Our Reading List

The flower girl wore celery

by Meryl g gordon

Emma can't wait for her cousin Hannah's wedding. She's going to be the flower girl. That means she'll wear a celery dress and walk down the aisle with the ring bear, leading the way for the happy bride and groom. Or at least, that's what Emma assumes. But nothing turns out to be quite what she's expecting.

my Granny is a pirate



by val mcdermid

When a family secret about Granny is revealed, we discover all about her fiercesome pirate reputation and her swashbuckling ways - from making other rogueish pirates walk the plank to singing sea shanties to her dog, Jolly Roger. Look again at your granny...could she be a pirate too? A must-have book for all pirate fans.

Don’t kiss the frog!: Princess stories with attitude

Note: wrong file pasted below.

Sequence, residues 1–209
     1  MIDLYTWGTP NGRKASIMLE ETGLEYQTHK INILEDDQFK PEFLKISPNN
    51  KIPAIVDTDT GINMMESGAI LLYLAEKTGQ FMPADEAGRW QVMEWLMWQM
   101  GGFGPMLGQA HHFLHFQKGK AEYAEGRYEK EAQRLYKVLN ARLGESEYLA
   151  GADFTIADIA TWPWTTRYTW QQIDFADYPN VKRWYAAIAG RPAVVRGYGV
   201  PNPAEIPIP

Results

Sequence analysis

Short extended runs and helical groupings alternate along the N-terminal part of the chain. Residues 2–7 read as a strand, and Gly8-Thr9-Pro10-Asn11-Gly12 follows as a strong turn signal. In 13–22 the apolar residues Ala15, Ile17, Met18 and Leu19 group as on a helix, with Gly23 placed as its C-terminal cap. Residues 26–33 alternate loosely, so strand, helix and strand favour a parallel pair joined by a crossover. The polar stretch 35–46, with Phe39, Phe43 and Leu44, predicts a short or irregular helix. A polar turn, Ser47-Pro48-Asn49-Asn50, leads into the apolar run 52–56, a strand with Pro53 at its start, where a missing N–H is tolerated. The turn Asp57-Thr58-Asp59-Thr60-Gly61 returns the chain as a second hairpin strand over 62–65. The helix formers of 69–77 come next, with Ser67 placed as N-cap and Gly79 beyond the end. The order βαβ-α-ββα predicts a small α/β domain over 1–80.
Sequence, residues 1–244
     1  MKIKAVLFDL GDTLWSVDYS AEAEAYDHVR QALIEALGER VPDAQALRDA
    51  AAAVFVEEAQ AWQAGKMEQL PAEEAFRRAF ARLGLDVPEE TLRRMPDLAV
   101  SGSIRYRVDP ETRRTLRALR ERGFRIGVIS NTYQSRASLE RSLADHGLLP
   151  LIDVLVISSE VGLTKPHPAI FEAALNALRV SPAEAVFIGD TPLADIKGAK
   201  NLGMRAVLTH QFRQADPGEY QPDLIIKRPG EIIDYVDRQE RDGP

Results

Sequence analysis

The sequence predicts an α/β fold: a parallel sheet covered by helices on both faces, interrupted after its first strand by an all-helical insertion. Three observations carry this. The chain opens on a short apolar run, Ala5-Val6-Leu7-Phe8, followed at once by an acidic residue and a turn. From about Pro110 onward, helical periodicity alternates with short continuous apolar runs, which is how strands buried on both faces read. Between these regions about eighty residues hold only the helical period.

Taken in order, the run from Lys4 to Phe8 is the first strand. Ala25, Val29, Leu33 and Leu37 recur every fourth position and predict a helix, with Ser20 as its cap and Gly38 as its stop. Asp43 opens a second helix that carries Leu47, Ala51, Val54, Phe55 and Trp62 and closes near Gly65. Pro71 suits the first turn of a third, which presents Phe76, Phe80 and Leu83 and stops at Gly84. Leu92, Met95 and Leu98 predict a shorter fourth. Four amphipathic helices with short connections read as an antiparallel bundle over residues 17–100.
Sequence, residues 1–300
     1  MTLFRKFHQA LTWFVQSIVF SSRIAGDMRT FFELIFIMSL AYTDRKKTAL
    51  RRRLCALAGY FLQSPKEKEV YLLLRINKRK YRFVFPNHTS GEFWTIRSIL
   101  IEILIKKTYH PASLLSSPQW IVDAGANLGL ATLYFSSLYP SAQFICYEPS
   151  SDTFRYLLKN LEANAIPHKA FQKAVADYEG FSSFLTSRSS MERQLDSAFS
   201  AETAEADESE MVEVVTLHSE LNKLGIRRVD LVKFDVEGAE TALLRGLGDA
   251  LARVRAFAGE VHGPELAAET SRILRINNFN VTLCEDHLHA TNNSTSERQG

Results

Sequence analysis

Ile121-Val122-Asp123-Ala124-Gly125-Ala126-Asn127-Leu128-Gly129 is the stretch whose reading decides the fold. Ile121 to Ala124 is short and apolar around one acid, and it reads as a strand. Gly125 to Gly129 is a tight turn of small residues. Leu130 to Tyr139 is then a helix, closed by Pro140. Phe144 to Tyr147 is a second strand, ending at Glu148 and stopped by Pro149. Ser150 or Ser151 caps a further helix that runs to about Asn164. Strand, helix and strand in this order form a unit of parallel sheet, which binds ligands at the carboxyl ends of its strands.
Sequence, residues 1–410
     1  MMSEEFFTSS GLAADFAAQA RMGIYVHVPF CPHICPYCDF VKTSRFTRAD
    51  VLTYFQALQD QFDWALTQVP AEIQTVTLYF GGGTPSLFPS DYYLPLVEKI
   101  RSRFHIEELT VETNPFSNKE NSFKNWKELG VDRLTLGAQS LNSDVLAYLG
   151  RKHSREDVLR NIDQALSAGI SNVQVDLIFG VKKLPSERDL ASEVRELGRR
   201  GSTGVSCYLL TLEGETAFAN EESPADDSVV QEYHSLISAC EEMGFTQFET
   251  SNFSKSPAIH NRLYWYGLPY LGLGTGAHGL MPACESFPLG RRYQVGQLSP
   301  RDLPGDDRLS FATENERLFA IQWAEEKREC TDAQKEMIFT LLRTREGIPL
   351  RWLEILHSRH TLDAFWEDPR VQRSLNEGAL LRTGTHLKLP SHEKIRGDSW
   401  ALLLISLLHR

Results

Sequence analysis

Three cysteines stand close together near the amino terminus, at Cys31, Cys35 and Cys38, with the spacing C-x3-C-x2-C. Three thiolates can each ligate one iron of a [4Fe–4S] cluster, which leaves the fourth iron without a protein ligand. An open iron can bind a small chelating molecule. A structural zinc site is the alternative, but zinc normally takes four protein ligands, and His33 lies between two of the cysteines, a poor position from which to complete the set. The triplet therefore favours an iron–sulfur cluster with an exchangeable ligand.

by fiona waters

Perfect for girls who love tiaras, ball-gowns, and happy endings--but also sports, silly jokes, and being different. Featuring the work of seven writers and three illustrators, this anthology of "princess stories with attitude" will make kids laugh as they encounter a bevy of sleepy, sporty, clumsy, brave, resourceful, and curious princesses. The exuberant typographic design is an excellent match for the story-telling style and colourful artwork.

and tango makes three

By Justin richardson

At the penguin house at the Central Park Zoo, two penguins named Roy and Silo were a little bit different from the others. But their desire for a family was the same. And with the help of a kindly zookeeper, Roy and Silo got the chance to welcome a baby penguin of their very own.

olive the dog who was really a frog

by simon toby Browne

A picture book inspired by identity, with a message about acceptance and promoting strength through diversity. Olive The Dog Who Was Really A Frog encourages individual differences to be universally accepted, to nurture friendships and promote strength through diversity.

10,000 dresses

by Marcus Ewert